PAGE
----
It may seem contradictory after setting out to discover the architecture of the masses to embrace Classicism which connotes large expansive and important buildings. I would suggest that Classicism fits right into the previously discussed notion of tradition and the self in architecture. The owning of a home has always been an important part of the American Dream. Home ownership is symbolic of the individualism and privacy that Americans seek. As one who has been perusing the home market in recent months, I can state that most of the newer homes are turning to classical and other traditional forms of architecture and incorporating elements of these within.
The whole column was built of stone blocks precisely fitted together. The blocks were fitted together so that they would have smooth joints. If necessary metal dowels or cramps were used. Columns were built in sections called drums. The roof was usually made of terra cotta tiles supported by wooden rafters and wooden beams were used for the ceiling.8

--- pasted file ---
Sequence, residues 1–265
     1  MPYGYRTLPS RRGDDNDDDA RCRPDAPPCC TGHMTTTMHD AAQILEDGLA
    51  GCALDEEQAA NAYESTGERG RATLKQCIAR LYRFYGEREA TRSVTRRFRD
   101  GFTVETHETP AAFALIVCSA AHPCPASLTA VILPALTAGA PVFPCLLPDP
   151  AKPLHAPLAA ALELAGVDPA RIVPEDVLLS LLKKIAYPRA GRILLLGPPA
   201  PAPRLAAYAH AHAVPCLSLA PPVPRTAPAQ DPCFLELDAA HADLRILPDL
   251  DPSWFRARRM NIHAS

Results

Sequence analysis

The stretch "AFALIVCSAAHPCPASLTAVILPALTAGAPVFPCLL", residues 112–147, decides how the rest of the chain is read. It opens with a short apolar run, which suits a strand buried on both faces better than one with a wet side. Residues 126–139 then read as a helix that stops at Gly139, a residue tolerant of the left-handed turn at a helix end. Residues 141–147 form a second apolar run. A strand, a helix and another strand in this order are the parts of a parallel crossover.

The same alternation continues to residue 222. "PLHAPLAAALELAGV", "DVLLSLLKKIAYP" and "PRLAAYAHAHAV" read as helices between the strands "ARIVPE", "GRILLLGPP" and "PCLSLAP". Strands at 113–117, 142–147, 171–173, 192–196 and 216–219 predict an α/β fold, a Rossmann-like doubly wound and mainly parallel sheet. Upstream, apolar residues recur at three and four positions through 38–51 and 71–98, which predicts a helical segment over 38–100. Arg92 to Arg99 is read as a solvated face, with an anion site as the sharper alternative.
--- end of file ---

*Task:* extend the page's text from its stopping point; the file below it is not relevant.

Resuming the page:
I hope that the reader can now understand why Classical architecture was chosen as a starting point. The few elements that encompass it can be explained and illustrated, and there are numerous examples of which can be found in our city. Certainly the architecture of our democracy was based on the Greek ideal so that a student need look no further than Washington D.C. to see classical architecture in America. There is not enough space in this paper to go around the world extrapolating classicism in other regions or its antithesis. What is being offered is a framework to start a discussion with.